Hollywood legend Lena Horne will make history again this year by becoming the first-ever Black woman to have a Broadway theater named after her.
The Brooks Atkinson Theatre will be renamed the Lena Horne Theatre in honor of the singer, dancer, actor and civil rights activist.
Last week, The Nederlander Organization, which owns the theater, announced the news, citing her significant impact on Broadway as the reason.
“We are proud to take this moment to rename one of our theaters in honor of the great civil rights activist, actress, and entertainer Lena Horne,” said James L. Nederlander of The Nederlander Organization. “I am so honored to have known Lena. She became a part of our family over the years. It means so much to me that my father was the producer of Lena Horne: The Lady and Her Music, and it is my privilege, honor, and duty to memorialize Lena for generations to come.”
James (Jimmy) L. Nederlander’s father, James M. Nederlander, was one of the lead producers of the 1981 play “Lena Horne: The Lady and Her Music.” Horne was awarded a special Tony Award and two Grammy Awards for the cast recording of her show.
Horne began her career at the Cotton Club. However, she was often refused leading roles because she was Black. She inked a deal with MGM Studios and starred in several blockbuster hits, including “Cabin in the Sky,” “The Wiz,” and Stormy “Weather.”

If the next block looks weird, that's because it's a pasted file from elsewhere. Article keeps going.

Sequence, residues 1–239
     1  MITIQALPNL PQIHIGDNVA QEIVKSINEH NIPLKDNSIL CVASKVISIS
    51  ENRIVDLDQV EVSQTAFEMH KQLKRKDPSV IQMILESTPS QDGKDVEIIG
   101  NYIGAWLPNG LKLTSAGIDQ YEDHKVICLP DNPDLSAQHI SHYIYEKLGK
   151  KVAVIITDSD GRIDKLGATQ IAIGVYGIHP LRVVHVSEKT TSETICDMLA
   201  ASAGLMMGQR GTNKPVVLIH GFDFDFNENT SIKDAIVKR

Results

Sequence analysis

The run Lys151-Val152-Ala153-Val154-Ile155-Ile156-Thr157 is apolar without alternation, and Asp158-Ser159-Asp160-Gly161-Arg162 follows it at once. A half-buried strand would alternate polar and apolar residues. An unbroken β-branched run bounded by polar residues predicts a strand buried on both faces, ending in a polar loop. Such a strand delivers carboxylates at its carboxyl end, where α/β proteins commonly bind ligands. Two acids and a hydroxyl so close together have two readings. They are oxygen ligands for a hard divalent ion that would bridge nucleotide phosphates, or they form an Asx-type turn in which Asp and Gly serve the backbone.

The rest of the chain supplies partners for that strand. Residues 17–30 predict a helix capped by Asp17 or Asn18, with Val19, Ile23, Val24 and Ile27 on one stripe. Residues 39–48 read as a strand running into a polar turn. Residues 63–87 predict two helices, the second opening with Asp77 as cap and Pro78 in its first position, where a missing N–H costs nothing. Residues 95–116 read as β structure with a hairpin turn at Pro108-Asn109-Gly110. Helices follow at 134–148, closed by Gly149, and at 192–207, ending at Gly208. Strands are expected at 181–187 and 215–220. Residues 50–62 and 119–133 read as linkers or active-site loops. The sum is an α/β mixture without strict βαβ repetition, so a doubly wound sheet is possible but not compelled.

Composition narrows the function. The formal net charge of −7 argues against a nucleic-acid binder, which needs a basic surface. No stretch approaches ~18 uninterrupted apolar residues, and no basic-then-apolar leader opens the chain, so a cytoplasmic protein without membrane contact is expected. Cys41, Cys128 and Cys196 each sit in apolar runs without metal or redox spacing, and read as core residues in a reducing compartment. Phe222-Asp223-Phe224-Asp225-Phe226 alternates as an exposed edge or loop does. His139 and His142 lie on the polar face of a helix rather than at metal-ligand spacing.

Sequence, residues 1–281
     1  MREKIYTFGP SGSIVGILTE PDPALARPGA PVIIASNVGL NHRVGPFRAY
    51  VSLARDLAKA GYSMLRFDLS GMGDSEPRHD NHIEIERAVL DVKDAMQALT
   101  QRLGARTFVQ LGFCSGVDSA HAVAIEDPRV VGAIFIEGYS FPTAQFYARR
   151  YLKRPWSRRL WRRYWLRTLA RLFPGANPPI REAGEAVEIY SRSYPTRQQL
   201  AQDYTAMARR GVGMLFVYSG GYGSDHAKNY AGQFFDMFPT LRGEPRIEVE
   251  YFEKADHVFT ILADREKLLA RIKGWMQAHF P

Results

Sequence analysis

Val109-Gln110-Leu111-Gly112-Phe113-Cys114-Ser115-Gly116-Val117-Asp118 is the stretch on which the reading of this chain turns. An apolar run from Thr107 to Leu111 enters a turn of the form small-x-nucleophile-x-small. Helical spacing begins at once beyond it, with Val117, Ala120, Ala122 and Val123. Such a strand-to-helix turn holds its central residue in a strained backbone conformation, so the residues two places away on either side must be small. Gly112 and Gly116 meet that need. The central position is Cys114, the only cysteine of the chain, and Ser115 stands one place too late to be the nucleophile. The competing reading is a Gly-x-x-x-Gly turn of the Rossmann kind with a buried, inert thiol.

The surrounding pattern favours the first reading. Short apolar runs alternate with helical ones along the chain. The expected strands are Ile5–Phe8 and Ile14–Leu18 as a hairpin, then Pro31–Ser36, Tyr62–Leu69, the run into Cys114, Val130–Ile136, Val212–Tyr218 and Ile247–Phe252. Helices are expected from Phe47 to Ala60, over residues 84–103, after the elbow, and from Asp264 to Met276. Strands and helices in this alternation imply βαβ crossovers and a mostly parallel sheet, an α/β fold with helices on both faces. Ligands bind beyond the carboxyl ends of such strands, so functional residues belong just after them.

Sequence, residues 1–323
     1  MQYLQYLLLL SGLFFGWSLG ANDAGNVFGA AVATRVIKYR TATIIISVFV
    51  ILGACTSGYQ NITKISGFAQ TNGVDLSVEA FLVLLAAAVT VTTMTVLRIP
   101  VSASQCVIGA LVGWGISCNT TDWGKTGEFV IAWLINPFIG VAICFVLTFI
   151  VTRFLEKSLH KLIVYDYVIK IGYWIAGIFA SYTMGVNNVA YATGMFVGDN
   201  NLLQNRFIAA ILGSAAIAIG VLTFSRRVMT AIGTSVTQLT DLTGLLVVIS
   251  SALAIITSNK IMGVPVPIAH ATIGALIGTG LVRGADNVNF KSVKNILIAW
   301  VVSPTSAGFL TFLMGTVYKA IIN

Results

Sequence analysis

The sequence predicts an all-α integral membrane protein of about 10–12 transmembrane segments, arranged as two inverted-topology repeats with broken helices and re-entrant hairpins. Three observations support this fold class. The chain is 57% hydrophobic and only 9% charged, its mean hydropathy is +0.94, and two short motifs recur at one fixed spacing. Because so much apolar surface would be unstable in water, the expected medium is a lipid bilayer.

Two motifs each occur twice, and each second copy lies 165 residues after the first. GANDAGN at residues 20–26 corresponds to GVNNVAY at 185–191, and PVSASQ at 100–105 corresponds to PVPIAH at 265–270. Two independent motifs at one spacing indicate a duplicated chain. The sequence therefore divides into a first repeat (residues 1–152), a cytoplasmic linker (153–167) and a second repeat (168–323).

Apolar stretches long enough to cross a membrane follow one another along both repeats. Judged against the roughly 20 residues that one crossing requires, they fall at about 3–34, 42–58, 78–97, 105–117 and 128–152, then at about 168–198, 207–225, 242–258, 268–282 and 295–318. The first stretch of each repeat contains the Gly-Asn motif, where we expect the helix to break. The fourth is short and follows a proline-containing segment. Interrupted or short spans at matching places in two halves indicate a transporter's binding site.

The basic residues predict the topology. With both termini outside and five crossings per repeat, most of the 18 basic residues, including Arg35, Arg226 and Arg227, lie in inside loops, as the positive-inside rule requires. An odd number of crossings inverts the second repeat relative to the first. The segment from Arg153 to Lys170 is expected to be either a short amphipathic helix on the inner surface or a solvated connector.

“Lena Horne devoted her life to theater and the entertainment industry for seven decades,” said Tony Award-winning actress LaChanze in the press release. “She was a pioneer. A trailblazer. An inspiration to so many of us who stand on her shoulders to this day. She was an outspoken advocate for civil rights, using her platform to speak up for equality. And in the time of the global demand for inclusivity, I am deeply grateful that the Nederlander Organization has committed to being a part of this movement by renaming one of their theater’s honoring the life and legacy of Lena Horne.”
Horne was also at the forefront of the Civil Rights Movement, performing at demonstrations around the country on behalf of the NAACP and the National Council for Negro Women. The award-winning actress also partook in the 1963 March on Washington.
“Maybe it’s because I’m a Black woman, but maybe because I’m a woman, I don’t see as much as I wanted. I don’t see it happening as much as it happened to us 10 years ago. I think it’s worsened and it’s like the French say, ‘the more we change, the more it stays the same.’ I’m hearing the same old stories and seeing the same old incidents I saw before 1960,” she says in a clip from “In Their Own Words: The American Masters Digital Archive.”
And when Paul Robeson told me, ‘that’s alright, your grandchildren will see it better,’ he didn’t know I’d still have to wait. Now I’ve got a great-grandson and wonder how long he’s going to have to wait.”